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NY Beefing Up Laws Protecting Children: The Fallout of Casey Anthony Trial

NY Beefing Up Laws Protecting Children: The Fallout of Casey Anthony Trial

NYS is trying to beef up its laws on many areas concerning children.  In a bill sponsored by five NYS Senator’s, Mark Grisanti (R, North Buffalo) is one of them, “Protecting Our Children Act” makes sweeping changes to the state’s child protection laws to help protect children from cruel and repeated abuse.

While other states have passed bills to make failing to report a child missing a crime, the bill in the NYS senate goes much further in fact there are more than two dozen provisions within the sponsored bill. Probably the most notable is creating the crime of aggravated murder of a child with a sentence of life without parole. Another notable change is an expansion of the existing law of aggravated abuse of a child which makes recklessly causing physical injury to a child under 14 a crime. The current law applies only to day care providers. The new bill would make it a crime for parents, guardians, and persons in a position of trust.

Poloncarz Statement on the County Executive’s 2011 Budget Status Report

Poloncarz Statement on the County Executive’s 2011 Budget Status Report

ERIE COUNTY, NY—Today, Erie County Comptroller Mark Poloncarz released the following statement in response to Erie County Executive Chris Collins’ status report on the 2011 Budget.

“Although it appears as though Erie County will see a nominal surplus for 2011, everything is not as bright and sunny as the county executive would lead you to believe.  Without the nearly $27 million in one-shot revenue streams the County has reaped this year, the $13 million surplus the county executive is predicting, looks more like $14 million deficit.”

“As has been the case over the past few years, this surplus has nothing to do with ‘running Erie County like a business,’ and everything to do with approximately $26.8 million in one-shot revenue streams that we will not have next year and greater than anticipated sales tax revenues thus far.

Comptroller DiNapoli Revokes SUNY Quick Pay Priviliges

Comptroller DiNapoli Revokes SUNY Quick Pay Priviliges

From a statement by the office of New York State Comptroller Thomas P. DiNapoli:

State Comptroller Thomas P. DiNapoli today ordered payment requests from the State University of New York (SUNY) to undergo additional scrutiny following SUNY’s decision to award a $270,000 consultant contract without competitively bidding the study or justifying a single-source award.

“New York’s procurement laws exist to make sure taxpayers get the most for their money,” DiNapoli said. “SUNY circumvented those laws at the same time it was lobbying for greater procurement flexibility.  My office will put SUNY’s future payment requests under an even sharper microscope to make sure this doesn’t happen again.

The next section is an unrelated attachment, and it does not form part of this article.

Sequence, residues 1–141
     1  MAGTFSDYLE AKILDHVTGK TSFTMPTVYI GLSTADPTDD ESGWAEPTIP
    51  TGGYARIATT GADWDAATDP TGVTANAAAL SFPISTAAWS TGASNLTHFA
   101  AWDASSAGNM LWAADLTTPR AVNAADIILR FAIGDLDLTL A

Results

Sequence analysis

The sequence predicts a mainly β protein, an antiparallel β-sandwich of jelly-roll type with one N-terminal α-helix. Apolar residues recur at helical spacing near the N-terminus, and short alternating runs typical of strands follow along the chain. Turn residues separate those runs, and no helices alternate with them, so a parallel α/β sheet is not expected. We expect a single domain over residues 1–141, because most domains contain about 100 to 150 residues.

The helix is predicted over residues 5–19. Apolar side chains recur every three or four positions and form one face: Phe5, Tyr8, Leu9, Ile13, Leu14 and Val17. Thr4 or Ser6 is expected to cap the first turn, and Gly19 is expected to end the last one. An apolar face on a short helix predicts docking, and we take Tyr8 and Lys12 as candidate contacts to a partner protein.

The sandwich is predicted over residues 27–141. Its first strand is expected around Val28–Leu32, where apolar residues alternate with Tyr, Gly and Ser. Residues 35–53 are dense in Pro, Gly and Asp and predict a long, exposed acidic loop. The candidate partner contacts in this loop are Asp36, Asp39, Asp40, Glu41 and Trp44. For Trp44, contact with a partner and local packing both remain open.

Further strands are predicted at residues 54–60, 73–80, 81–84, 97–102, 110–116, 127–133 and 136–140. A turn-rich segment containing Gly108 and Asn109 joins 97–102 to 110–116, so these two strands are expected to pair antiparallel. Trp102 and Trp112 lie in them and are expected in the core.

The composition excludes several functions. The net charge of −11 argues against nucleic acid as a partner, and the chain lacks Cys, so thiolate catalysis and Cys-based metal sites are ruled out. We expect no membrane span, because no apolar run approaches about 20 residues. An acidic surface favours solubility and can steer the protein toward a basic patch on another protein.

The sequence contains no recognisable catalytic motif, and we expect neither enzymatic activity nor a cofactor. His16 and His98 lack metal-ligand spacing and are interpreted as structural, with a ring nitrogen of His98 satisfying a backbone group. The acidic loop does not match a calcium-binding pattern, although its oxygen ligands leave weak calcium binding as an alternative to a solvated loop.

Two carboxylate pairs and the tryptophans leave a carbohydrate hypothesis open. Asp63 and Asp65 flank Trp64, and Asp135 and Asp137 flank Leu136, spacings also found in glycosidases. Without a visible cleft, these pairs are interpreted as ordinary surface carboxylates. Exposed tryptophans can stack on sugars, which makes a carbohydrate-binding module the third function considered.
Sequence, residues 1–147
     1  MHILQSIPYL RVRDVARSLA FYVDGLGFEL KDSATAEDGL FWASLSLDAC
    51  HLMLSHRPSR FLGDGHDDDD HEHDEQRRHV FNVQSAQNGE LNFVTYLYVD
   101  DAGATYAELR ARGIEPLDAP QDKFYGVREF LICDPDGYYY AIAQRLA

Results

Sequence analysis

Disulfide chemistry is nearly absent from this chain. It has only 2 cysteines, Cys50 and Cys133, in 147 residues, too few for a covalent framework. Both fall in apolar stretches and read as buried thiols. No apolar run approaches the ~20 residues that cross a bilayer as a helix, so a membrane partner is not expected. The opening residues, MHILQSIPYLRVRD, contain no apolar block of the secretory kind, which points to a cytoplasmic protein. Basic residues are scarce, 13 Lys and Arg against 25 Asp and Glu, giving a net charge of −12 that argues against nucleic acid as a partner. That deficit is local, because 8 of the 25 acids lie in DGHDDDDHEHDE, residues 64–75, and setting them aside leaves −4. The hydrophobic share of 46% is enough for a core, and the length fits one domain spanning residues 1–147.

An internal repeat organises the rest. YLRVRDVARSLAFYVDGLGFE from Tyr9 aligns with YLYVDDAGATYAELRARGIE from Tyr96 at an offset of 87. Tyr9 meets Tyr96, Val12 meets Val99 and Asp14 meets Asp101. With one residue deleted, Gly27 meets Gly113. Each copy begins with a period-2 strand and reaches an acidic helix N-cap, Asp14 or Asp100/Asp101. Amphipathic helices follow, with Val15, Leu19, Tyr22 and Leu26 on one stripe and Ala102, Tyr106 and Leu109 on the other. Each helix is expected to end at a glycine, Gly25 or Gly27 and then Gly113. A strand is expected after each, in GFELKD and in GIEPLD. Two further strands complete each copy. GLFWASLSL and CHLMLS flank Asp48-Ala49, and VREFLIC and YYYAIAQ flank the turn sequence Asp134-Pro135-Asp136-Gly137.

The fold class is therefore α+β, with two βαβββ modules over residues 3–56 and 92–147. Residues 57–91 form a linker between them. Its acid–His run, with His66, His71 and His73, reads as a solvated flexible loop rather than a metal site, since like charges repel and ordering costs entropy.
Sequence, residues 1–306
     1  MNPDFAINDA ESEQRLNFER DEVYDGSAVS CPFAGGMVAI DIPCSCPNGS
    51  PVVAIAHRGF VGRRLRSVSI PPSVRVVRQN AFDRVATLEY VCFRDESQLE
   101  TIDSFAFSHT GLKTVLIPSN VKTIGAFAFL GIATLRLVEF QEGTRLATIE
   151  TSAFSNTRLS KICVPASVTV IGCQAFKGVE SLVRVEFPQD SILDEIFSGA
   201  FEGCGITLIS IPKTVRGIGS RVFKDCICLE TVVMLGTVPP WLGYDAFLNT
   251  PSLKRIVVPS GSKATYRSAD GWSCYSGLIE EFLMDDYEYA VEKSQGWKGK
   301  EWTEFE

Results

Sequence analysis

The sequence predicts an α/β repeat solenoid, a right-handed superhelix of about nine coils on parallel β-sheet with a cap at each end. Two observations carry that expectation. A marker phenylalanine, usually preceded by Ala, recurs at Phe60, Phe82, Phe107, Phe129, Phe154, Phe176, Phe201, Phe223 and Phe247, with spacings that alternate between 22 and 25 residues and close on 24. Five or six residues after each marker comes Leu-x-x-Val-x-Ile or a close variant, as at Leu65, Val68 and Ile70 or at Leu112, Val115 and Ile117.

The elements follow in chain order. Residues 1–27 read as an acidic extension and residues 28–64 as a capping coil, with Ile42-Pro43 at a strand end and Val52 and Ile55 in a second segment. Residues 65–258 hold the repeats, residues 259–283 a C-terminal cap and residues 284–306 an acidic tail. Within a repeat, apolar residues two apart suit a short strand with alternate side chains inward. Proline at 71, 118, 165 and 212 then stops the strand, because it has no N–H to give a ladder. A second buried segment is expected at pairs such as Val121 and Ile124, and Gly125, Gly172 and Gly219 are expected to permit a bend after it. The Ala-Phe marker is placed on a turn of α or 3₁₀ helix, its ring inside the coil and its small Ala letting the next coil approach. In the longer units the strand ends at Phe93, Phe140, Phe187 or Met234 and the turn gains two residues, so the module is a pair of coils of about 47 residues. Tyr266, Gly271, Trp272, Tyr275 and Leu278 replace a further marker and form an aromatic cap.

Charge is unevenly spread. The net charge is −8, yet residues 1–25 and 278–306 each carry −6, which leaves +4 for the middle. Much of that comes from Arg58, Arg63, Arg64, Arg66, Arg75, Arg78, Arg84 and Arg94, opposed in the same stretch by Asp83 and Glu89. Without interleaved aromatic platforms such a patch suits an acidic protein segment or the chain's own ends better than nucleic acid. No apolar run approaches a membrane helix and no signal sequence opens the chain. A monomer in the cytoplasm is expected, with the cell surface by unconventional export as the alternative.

“This procurement produced a good report that will help SUNY repair some serious problems.  But the end product doesn’t justify the means.  SUNY went down the wrong road on this procurement.”

SUNY Undergrad Tuition to Jump 30 Percent Over Five Years

SUNY Undergrad Tuition to Jump 30 Percent Over Five Years

 

By CARA MATTHEWS

   Gannett Albany Bureau

   ALBANY -- Legislative leaders announced Tuesday they have a tentative deal with Gov. Andrew Cuomo on a bill that would allow State University of New York campuses to increase tuition $300 annually for five years.

   The hikes would raise annual undergraduate tuition a total of 30 percent over five years, from $4,970 to $6,470.

   "They need money, but we have to keep it (tuition) affordable," said Assemblyman Ron Canestrari, D-Cohoes, Albany County, the chamber's second-in-command. "I think this is a good compromise."

   The agreement would permit a 10 percent a year tuition increase for out-of-state students, who currently pay $13,380 to attend SUNY.

Program on Human Trafficking: Speaker from the International Institute of Buffalo

Program on Human Trafficking: Speaker from the International Institute of Buffalo

Join us in a fascinating program as Elizabeth McIntyre of the International Institute of Buffalo speaks about the practice of human trafficking locally. In addition, Historical Society Director of Collections Walter Mayer will present an artifact and story from the 1870s. The program takes place on Wednesday, June 8, 2011 from 6:30 to 8:30 p.m.

According to the International Institute of Buffalo, even today, in the twenty-first century, and even here, in Western New York, there are slaves. Every day and everywhere there are people who have been tricked or forced to leave their homes and then find themselves in jobs where they are paid little or nothing, held captive, unable to be self-sufficient, abused and exploited. These people are modern-day slaves. They are victims of human trafficking, the exploitation of people for others’ financial profit. They escape or are rescued often with nothing but the clothes on their back.

Tea Party Coalition Calls for Republican Chairman to Resign

Tea Party Coalition Calls for Republican Chairman to Resign

A Statement by Allen Coniglio of the Tea Party Coalition of WNY

What Was Turnout Like at Your Polling Place?

What Was Turnout Like at Your Polling Place?

The special election for the 26th Congressional District is under way and WGRZ-2 On Your Side wants to know:

If you voted today, what was turnout like at your polling place?

Use the Comments section below for your response.

 

For complete coverage of the election, tune into WGRZ-2 On Your Side at 5, 6, 10 and 11 p.m. tonight.

Follow the story on line here:

26th District Special Election Day

Related stories:

26th District Congressional Debate

Hochul Holds Lead in Polls